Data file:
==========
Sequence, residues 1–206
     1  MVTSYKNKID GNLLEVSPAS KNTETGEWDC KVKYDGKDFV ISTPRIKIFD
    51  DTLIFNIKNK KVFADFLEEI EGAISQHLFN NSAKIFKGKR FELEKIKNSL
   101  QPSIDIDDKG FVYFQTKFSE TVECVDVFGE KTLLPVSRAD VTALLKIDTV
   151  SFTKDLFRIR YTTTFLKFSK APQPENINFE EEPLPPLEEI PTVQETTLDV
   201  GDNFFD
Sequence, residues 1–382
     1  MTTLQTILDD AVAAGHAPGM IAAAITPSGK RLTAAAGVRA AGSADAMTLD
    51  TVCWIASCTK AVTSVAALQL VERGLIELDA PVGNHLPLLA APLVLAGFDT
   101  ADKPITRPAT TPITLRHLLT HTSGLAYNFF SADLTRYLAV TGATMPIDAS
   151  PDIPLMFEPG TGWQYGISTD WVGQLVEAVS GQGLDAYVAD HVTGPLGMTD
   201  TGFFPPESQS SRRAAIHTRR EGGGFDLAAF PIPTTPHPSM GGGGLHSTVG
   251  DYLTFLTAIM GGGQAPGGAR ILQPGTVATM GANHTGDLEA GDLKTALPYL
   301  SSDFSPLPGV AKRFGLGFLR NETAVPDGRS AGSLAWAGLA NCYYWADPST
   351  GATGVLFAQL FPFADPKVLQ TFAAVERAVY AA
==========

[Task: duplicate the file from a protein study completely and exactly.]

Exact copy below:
Sequence, residues 1–206
     1  MVTSYKNKID GNLLEVSPAS KNTETGEWDC KVKYDGKDFV ISTPRIKIFD
    51  DTLIFNIKNK KVFADFLEEI EGAISQHLFN NSAKIFKGKR FELEKIKNSL
   101  QPSIDIDDKG FVYFQTKFSE TVECVDVFGE KTLLPVSRAD VTALLKIDTV
   151  SFTKDLFRIR YTTTFLKFSK APQPENINFE EEPLPPLEEI PTVQETTLDV
   201  GDNFFD
Sequence, residues 1–382
     1  MTTLQTILDD AVAAGHAPGM IAAAITPSGK RLTAAAGVRA AGSADAMTLD
    51  TVCWIASCTK AVTSVAALQL VERGLIELDA PVGNHLPLLA APLVLAGFDT
   101  ADKPITRPAT TPITLRHLLT HTSGLAYNFF SADLTRYLAV TGATMPIDAS
   151  PDIPLMFEPG TGWQYGISTD WVGQLVEAVS GQGLDAYVAD HVTGPLGMTD
   201  TGFFPPESQS SRRAAIHTRR EGGGFDLAAF PIPTTPHPSM GGGGLHSTVG
   251  DYLTFLTAIM GGGQAPGGAR ILQPGTVATM GANHTGDLEA GDLKTALPYL
   301  SSDFSPLPGV AKRFGLGFLR NETAVPDGRS AGSLAWAGLA NCYYWADPST
   351  GATGVLFAQL FPFADPKVLQ TFAAVERAVY AA